Wednesday, August 12, 2009
While no one seriously thought that the Federal Reserve was going to offer the slightest hint of any increase to short-term interest rates at the conclusion of today's policy meeting - after all, given where we are in this cycle as compared to the last one, it seems reasonable to think there is a long, long way yet to go - there was a little intrigue.
As an aside, not having posted the chart above in quite some time - since shortly after the Fed funds rate was pegged to zero in January and the central bank's focus shifted to "quantitative easing" - that area around the 12-month mark is now particularly interesting.
Recall that short-term rates had been at two percent for a few months going into last September, when some economists may have thought that they'd seen the worst of the financial market problems.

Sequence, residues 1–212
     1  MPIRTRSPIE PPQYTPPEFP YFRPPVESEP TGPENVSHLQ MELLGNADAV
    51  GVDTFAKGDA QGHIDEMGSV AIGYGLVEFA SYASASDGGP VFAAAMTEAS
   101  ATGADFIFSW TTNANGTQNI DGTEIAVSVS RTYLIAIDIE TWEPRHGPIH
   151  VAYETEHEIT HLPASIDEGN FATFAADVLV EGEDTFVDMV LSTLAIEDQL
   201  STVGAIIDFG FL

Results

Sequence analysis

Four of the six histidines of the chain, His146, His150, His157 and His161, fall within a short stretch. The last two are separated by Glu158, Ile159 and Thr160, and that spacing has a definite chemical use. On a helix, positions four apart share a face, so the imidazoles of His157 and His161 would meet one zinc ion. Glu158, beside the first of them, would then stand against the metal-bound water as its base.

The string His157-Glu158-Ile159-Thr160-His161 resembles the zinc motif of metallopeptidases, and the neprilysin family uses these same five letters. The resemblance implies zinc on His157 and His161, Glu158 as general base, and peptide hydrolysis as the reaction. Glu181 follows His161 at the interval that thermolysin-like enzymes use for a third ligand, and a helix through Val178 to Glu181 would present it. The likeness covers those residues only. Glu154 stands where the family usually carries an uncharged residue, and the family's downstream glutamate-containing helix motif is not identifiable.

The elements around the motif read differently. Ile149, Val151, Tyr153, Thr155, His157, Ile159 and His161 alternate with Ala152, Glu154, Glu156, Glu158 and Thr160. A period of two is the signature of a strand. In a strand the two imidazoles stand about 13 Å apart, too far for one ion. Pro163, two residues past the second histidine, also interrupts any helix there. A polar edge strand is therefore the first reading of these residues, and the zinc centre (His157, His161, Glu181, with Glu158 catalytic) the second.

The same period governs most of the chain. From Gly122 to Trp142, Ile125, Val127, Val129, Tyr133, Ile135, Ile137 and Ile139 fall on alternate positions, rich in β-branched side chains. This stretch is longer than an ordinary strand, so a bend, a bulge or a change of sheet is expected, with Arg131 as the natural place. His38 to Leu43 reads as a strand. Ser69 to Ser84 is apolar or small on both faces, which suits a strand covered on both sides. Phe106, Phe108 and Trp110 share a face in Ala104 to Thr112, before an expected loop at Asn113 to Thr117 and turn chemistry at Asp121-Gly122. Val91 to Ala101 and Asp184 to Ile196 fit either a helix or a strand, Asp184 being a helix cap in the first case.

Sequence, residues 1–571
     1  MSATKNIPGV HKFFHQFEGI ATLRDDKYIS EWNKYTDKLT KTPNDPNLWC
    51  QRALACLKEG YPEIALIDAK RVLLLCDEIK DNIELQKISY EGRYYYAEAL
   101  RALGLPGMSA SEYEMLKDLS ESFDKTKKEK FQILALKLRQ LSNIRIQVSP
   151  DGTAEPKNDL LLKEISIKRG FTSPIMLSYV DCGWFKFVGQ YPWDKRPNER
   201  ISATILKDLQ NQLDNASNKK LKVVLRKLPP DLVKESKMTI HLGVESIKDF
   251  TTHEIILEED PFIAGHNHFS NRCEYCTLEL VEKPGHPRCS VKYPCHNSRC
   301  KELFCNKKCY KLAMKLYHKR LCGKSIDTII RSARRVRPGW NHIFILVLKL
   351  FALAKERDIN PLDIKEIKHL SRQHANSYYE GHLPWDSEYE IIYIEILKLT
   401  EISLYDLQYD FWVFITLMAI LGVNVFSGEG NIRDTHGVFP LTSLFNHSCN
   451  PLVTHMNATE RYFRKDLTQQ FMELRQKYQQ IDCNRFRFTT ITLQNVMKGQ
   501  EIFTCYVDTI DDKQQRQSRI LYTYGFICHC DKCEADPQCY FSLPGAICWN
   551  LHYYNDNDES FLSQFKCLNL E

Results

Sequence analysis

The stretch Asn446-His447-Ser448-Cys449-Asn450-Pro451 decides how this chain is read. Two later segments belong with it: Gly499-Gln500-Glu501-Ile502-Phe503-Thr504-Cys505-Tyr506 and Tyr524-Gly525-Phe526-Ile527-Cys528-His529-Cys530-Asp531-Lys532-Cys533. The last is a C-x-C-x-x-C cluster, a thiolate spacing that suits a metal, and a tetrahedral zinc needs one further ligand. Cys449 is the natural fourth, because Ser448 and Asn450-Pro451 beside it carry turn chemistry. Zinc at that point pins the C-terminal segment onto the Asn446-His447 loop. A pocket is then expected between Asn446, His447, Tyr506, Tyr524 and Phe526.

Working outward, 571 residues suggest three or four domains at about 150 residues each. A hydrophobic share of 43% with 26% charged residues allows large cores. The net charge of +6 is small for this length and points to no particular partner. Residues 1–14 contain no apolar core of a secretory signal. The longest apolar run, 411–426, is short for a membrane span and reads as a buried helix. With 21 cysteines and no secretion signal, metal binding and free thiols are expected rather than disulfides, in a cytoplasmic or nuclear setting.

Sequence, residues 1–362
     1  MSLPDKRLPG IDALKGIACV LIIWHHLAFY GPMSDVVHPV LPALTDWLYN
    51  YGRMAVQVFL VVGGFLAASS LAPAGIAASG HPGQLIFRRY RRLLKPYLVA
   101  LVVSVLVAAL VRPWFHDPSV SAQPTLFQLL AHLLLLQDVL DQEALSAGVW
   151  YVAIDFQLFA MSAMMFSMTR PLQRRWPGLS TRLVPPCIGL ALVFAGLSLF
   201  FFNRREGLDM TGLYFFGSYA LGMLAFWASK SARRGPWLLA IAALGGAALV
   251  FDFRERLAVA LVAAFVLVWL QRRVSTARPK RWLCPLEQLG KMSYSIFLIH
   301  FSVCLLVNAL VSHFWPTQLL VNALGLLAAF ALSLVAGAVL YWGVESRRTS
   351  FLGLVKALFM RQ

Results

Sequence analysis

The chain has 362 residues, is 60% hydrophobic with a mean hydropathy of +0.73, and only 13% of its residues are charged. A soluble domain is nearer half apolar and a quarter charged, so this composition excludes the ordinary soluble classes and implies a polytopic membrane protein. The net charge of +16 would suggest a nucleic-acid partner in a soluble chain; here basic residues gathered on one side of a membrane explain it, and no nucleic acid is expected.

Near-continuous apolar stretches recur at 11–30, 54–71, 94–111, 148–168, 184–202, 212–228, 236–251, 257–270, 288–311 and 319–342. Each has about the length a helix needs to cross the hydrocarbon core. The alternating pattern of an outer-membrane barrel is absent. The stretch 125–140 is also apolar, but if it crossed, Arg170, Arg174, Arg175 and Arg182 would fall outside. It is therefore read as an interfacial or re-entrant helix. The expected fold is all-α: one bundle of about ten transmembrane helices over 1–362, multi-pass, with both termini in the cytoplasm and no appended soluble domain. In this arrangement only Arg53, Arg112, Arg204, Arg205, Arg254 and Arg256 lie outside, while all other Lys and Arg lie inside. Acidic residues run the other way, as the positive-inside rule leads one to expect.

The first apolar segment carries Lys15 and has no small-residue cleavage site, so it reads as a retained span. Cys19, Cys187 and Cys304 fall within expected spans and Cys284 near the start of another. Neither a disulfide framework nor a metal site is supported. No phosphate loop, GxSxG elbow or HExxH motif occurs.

Obviously, that wasn't the case, and that marked the only time during the past two rate cutting cycles where current Fed chief Ben Bernanke fell behind the record pace established by his predecessor, former Fed chairman Alan Greenspan.
Anyway, about the only thing of interest in today's policy meeting was that the Fed's purchases of some $300 billion in Treasury debt have been extended through October in order to bring the program to a halt gradually.
Markets don't seem to be taking this news particularly well but, so far, it's been mostly a non-reaction to today's news.
The last two policy statements are shown side-by-side below:
Obviously, they just take the previous statement, load it into a text editor and make changes as necessary, a task that probably didn't take more than a few minutes this time.